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The Importance of William James’ Theory of “Fringes” to the Constitution of a Phenomenology of Perception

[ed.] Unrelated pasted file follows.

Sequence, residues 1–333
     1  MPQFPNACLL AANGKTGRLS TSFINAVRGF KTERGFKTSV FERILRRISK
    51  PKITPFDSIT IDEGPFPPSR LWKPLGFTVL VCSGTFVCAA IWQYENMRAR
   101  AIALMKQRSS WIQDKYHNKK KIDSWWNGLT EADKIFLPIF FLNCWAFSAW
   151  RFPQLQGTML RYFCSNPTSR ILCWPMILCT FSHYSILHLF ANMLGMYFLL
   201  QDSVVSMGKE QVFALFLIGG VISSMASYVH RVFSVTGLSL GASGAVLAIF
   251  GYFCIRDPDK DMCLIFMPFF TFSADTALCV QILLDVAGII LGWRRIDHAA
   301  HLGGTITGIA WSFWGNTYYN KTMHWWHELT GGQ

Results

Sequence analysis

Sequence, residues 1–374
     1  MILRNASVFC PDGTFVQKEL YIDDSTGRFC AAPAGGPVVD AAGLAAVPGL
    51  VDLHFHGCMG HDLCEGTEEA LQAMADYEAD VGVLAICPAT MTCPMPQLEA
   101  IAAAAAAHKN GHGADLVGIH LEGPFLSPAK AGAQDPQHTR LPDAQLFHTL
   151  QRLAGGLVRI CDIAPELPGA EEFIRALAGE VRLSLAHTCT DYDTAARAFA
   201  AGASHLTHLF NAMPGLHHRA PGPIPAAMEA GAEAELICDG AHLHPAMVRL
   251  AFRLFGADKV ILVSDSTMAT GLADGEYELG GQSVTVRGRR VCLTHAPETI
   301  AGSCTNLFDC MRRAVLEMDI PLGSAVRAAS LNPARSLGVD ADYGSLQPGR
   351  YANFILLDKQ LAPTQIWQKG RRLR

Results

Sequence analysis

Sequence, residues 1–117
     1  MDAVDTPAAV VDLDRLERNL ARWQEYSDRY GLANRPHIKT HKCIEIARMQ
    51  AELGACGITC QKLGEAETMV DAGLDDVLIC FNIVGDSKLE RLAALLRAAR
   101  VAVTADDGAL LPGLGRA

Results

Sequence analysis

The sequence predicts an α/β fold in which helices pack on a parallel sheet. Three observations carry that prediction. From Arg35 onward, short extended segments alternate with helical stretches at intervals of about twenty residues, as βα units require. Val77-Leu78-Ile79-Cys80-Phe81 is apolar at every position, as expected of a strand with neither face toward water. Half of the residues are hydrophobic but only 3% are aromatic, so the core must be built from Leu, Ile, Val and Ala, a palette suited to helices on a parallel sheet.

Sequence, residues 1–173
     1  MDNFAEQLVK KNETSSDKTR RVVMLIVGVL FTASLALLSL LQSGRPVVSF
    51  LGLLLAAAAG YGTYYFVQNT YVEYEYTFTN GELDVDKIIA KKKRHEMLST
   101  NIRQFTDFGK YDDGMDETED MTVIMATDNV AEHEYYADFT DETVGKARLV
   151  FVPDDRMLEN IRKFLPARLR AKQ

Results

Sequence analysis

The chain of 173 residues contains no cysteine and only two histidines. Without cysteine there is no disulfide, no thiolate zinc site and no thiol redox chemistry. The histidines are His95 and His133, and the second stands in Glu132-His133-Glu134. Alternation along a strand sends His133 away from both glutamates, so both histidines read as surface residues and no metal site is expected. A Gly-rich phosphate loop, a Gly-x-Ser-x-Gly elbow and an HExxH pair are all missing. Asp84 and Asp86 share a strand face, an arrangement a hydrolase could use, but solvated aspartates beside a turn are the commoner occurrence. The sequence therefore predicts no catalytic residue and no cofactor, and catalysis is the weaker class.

This paper focus on the phenomenological theories of perception and intuitive acts in general, and aims to show the relevance of William James’ concept of fringe to understand them. Although Husserl claims that James’ analysis were carried on without the phenomenological reduction and were thus biased by psychological and physiological prejudices, the paper stresses the high value of those analysis: James’ intended to remain faithful to the meaning of lived experience and avoided any considerations where descriptions could be entangled with uncriticized philosophical theories (e.g. about the nature of brain states). The paper also aims to show that James’ importance for Husserl could be extended beyond the explanation of acts intending singular individuals to the acts intending universal objectivities and essences.